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Mathematics LibreTexts

1.1E: Exercises for Section 1.1

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    69574
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    For exercises 1 - 6, (a) determine the domain and the range of each relation, and (b) state whether the relation is a function.

    1)

    \(x\) \(y\) \(x\) \(y\)
    -3 9 1 1
    -2 4 2 4
    -1 1 3 9
    0 0    
    Answer:

    a. Domain = {\(−3,−2,−1,0,1,2,3\)},  Range = {\(0,1,4,9\)}

    b. Yes, a function

    2)

    \(x\) \(y\) \(x\) \(y\)
    -3 -2 1 1
    -2 -8 2 8
    -1 -1 3 -2
    0 0    

    3)

    \(x\) \(y\) \(x\) \(y\)
    1 -3 1 1
    2 -2 2 2
    3 -1 3 3
    0 0    
    Answer:

    a. Domain = {\(0,1,2,3\)}, Range = {\(−3,−2,−1,0,1,2,3\)}

    b. No, not a function

    4)

    \(x\) \(y\) \(x\) \(y\)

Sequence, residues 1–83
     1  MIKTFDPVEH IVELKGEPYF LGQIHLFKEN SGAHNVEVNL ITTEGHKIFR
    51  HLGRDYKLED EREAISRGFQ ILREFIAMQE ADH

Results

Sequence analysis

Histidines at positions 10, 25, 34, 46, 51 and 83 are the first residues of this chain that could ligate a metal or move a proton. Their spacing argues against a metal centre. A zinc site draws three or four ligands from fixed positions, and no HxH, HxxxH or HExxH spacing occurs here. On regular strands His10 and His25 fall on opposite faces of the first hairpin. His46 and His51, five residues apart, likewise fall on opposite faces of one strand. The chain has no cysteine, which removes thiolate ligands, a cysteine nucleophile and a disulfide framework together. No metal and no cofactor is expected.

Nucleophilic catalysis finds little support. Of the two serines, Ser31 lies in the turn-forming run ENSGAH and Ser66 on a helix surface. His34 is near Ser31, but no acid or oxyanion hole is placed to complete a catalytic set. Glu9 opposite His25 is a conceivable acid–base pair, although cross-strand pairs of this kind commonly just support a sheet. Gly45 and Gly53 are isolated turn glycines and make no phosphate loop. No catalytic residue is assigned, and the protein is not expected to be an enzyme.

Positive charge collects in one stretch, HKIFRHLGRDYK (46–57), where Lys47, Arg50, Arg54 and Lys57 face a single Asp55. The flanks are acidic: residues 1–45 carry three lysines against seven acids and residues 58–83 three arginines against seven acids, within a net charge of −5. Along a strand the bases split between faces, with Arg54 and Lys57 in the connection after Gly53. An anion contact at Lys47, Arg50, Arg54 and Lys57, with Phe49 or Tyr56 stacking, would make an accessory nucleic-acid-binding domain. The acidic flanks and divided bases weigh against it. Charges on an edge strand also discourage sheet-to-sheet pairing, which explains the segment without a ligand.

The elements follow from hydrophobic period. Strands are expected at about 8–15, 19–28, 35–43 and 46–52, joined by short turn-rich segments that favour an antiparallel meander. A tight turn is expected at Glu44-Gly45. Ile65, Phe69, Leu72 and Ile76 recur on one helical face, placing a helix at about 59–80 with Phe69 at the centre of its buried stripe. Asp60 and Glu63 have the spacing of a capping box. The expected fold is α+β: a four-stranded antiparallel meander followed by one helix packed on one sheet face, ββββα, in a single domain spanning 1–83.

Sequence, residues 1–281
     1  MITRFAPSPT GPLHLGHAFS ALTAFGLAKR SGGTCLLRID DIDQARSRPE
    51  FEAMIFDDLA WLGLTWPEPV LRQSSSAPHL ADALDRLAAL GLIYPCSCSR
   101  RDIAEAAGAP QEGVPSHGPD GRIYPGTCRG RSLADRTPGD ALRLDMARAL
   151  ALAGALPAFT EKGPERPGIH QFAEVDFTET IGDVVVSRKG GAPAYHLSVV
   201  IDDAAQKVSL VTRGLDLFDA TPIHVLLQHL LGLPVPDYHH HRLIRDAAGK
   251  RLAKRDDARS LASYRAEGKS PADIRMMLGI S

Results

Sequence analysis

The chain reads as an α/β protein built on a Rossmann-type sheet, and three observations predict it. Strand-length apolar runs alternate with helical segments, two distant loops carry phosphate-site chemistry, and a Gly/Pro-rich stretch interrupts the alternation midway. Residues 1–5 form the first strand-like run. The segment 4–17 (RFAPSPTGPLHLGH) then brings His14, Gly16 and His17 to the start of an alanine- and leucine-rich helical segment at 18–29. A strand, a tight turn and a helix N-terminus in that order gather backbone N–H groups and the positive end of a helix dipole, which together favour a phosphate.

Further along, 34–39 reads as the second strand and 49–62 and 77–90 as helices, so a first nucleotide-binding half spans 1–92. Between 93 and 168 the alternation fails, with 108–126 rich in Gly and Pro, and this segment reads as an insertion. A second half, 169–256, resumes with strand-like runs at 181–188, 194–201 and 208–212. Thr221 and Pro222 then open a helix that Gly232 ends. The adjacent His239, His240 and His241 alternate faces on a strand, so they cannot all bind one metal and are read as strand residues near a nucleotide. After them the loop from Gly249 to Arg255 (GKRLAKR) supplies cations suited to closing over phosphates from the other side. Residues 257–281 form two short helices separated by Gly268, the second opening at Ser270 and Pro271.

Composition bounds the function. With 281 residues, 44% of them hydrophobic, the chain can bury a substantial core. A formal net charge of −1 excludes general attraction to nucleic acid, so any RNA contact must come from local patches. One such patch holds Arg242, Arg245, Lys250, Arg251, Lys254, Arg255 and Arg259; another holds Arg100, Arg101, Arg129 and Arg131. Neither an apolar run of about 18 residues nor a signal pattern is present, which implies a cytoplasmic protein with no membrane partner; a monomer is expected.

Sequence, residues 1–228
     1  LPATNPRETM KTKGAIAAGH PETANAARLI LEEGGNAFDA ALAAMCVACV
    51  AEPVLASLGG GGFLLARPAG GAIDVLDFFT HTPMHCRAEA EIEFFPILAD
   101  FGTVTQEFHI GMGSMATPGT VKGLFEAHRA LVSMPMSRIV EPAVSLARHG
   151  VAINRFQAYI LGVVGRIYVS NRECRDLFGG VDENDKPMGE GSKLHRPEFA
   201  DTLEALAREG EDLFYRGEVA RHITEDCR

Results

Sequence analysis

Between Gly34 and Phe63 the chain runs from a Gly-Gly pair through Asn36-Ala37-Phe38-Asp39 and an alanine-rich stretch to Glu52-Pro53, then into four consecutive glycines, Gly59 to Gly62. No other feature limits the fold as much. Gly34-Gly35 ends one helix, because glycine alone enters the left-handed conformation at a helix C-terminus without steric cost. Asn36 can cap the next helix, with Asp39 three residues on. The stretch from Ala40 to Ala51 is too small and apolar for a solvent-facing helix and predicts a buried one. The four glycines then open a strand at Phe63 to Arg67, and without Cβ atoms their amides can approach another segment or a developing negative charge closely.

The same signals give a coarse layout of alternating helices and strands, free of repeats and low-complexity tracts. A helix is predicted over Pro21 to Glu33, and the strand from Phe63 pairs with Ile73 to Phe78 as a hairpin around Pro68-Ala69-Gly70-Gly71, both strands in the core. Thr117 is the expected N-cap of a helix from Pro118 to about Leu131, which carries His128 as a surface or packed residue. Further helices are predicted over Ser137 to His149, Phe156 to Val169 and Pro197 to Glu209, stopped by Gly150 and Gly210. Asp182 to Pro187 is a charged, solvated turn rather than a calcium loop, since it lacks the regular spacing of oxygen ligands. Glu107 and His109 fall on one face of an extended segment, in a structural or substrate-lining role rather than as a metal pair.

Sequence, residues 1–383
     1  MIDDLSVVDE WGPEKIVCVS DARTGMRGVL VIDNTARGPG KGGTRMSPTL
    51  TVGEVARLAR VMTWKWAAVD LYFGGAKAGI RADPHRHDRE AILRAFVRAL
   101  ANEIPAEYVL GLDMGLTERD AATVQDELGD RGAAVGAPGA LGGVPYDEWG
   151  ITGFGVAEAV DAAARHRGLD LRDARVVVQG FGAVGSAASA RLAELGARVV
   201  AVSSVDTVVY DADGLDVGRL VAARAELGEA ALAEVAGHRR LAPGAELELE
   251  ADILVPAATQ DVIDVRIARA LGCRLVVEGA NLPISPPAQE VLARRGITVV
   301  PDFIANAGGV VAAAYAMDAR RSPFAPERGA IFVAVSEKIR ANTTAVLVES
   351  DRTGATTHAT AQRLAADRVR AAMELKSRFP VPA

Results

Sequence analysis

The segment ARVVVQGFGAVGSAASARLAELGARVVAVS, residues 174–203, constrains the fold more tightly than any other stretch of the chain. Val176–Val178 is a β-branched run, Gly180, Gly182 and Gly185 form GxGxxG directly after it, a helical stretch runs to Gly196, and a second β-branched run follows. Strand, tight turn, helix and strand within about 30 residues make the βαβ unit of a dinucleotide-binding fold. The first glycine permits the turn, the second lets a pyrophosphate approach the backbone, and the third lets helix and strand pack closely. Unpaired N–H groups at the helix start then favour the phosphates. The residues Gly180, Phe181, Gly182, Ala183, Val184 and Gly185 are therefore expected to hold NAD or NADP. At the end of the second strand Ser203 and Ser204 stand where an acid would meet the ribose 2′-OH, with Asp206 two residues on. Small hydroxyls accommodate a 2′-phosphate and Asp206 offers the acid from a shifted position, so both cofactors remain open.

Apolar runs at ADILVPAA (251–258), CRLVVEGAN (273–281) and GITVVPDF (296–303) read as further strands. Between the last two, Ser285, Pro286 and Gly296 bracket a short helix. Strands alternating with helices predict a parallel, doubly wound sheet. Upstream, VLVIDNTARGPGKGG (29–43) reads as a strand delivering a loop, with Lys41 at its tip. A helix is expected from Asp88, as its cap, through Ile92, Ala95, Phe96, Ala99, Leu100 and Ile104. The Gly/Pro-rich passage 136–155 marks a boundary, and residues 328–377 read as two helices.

1 1 5 1
    2 1 6 1
    3 1 7 1
    4 1    

    5)

    \(x\) \(y\) \(x\) \(y\)
    3 3 15 1
    5 2 21 2
    8 1 33 3
    10 0    
    Answer:

    a. Domain = {\(3,5,8,10,15,21,33\)}, Range = {\(0,1,2,3\)}

    b. Yes, a function

    6)

    \(x\) \(y\) \(x\) \(y\)
    -7 11 1 -2
    -2 5 3 4
    -2 1 6 11
    0 -1    

     

    For exercises 7 - 13, find the values for each function, if they exist, then simplify.

    a. \(f(0)\)     b. \(f(1)\)      c. \(f(3)\)      d. \(f(−x)\)      e. \(f(a)\)      f. \(f(a+h)\)

    7) \(f(x)=5x−2\)

    Answer:
    a. \(−2\)      b. \(3\)      c. \(13\)      d. \(−5x−2\)      e. \(5a−2\)      f. \(5a+5h−2\)

    8) \(f(x)=4x^2−3x+1\)

    9) \(f(x)=\dfrac{2}{x}\)

    Answer:
    a. Undefined      b. \(2\)      c. \(\frac{2}{3}\)      d. \(−\dfrac{2}{x}\)      e. \(\dfrac{2}{a}\)      f. \(\dfrac{2}{a+h}\)